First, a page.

Minimal API with .NET6

In November we are receiving .NET6 and Visual Studio 2022 releases, these are going to be the first stable versions available to the public.
For the time being we can have access to the preview of both products, it’s a great way to stay ahead of the technologies, even though they are not recommended for your applications that are in production, as they have some big improvements to be made. If you want to try the early-access versions, you can download them here.

On previous posts we talked about .NET MAUI , the evolution of Xamarin.Forms and the new ways of developing multi-platform applications. And those are not the only types of projects that are getting new upgrades.
Here we will talk about a new concept introduced with Net6.0 called MINIMAL API and the some differences between the new and the old version of the projects.

To start with, we have created a new project of type “”ASP.NET Core Empty”on Visual Studio 2019 and on Visual Studio 2022 (preview4)

On the left we have the Visual Studio 2019 template, working with .Net5
On the right we have the Visual Studio 2022p4 template, working with .net6.0.100-rc.1.21458.32

First, let’s compare the project structure.
We have almost the same files, but VS2022 does not have the Startup.cs class. The Program.cs and Startup.cs classes got fused into one single Program.cs file for Visual Studio 2022

Not only the amount of files has been reduced, but the amount of lines of codes.
For VS2019 we have Program.cs with 27 lines and Startup.cs with 34, making a total of 61 lines of code.
And on VS2022p4 we have the same code in only 6 lines. That is 10% of the code lines. Yes, you might see that the code on VS2019 is not necessary or can be simplified, but even with that the percentage will not flicker.

Another example of Minimal API

Now we will create a console aplication with each version Visual Studio, and we will compare them.

On the left we have a Console Application, using .Net5.
And on the right we have the same type of project, but using .Net6.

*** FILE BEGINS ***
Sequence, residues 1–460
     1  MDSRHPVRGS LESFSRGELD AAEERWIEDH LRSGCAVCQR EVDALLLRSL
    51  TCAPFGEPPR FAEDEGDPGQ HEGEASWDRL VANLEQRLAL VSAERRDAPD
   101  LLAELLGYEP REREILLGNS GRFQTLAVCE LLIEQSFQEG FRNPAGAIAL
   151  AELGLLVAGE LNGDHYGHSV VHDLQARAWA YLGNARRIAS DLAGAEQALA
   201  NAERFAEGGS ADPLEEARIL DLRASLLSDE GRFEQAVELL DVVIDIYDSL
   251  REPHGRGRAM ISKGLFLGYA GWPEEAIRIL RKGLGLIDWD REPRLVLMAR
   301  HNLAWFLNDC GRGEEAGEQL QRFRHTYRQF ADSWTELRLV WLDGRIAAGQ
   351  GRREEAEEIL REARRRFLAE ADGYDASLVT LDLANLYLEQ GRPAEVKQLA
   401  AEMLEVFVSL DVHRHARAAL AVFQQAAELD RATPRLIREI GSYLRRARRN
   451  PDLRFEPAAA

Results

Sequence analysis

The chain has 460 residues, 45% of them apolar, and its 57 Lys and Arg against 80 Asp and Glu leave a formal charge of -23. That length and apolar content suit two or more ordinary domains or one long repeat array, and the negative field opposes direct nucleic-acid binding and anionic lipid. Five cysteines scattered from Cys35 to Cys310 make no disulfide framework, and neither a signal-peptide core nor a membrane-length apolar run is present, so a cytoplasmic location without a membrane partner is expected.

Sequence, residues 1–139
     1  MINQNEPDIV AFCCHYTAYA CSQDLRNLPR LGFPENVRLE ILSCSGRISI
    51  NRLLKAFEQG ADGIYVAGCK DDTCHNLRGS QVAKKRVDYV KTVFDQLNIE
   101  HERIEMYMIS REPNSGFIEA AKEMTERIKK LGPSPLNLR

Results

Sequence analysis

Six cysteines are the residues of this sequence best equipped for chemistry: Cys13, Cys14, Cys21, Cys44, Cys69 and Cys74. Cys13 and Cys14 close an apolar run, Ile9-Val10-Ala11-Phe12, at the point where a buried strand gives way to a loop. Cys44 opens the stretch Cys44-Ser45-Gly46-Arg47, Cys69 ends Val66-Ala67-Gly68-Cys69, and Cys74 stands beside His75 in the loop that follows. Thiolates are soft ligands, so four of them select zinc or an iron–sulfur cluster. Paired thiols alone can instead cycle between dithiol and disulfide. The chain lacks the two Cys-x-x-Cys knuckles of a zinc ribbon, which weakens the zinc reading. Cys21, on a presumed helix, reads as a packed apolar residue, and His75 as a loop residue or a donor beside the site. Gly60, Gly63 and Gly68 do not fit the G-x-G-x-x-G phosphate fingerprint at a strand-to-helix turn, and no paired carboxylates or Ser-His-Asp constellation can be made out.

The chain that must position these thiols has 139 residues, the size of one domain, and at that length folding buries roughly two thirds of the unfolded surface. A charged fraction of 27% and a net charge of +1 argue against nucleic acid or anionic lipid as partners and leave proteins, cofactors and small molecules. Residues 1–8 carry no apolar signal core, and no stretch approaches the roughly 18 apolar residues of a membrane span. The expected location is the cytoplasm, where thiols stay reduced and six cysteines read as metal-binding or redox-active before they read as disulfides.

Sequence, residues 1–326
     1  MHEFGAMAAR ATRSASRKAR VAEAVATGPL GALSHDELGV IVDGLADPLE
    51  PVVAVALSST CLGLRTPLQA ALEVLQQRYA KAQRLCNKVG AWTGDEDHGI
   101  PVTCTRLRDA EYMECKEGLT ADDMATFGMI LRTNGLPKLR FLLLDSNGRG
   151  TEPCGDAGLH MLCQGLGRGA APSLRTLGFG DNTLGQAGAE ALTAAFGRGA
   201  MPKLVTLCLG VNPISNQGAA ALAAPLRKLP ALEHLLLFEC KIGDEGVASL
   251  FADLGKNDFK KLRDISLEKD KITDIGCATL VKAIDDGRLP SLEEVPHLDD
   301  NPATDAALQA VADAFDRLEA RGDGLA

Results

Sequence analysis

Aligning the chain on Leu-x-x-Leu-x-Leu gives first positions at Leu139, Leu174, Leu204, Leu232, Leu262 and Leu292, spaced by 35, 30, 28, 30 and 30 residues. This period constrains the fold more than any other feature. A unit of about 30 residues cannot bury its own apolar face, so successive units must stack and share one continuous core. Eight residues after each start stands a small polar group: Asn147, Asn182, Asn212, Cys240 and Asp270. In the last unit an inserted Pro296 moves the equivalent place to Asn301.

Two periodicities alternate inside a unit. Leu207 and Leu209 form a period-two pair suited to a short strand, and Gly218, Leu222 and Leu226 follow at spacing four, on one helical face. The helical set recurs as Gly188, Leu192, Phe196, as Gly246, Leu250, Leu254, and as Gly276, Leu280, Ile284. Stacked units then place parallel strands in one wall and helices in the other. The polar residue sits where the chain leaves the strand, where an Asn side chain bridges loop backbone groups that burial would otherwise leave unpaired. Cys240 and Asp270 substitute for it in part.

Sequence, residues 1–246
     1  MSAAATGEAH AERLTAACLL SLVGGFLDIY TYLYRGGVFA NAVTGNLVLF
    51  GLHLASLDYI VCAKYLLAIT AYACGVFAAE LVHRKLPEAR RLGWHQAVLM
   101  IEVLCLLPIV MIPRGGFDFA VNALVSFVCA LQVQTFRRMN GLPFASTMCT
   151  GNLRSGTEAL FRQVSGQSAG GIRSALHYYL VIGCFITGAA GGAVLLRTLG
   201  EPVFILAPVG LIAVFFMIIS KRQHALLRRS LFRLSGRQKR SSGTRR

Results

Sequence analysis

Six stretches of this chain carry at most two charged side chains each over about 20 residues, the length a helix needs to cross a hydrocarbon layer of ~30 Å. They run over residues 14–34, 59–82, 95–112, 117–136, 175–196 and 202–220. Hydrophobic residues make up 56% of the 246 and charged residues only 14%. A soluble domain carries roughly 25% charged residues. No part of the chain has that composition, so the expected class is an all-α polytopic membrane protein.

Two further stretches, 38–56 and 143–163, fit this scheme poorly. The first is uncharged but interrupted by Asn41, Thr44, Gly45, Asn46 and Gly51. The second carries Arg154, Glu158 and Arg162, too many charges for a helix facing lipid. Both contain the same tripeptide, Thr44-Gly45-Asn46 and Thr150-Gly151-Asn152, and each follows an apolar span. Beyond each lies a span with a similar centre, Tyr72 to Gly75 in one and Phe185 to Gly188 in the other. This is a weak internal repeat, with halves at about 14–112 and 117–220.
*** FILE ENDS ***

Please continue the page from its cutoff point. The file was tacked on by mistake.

You will notice that the project structure it’s the same and they have the same files, but the Program.cs class file is different. Nevertheless, you will get the same result from both projects.
With .Net6 you only have the body of the main.

If you want to learn more about this new console template, you can visit the Microsoft Documentation

How is this possible?

If we start comparing the files in each solution, we will notice that some things are missing.
All those using instructions are gone. And not only that, also is the namespace, the class declaration, and the default constructor, making the code much simpler.
You can still add new using instructions at the top of the file, create new properties, methods and more classes just like you normally would. Take into account that it will be local, so it’s not going to be available from another file.

This is achieved with one of the new features introduced with C#10.0, called global using.
Depending of the type of the project, the framework automatically adds some implicit using directives. Developers can make any namespace available globally by using the keyword global

If you are using this new version of the IDE and the framework, but you prefer to manage all the namespaces yourself as you used to, you can disable this by adding <ImplicitUsings>Disable</ImplicitUsings> to your project file

Final thoughts

Having small and compacts projects is great for developers that start using Microsoft Frameworks, it helps them keep focus on the syntax of the language and how it works, and forget about all those using intructions and the namespaces, without losing any functionality.

As the developers learn more about the coding language, these feature will become part of your daily basis.
Before running we should learn to walk and that is achieved one step at the time.
A cleaner code is always easier to undertand and if this helps flatten the learning curve of the language, then we will have more .NET developers in the future

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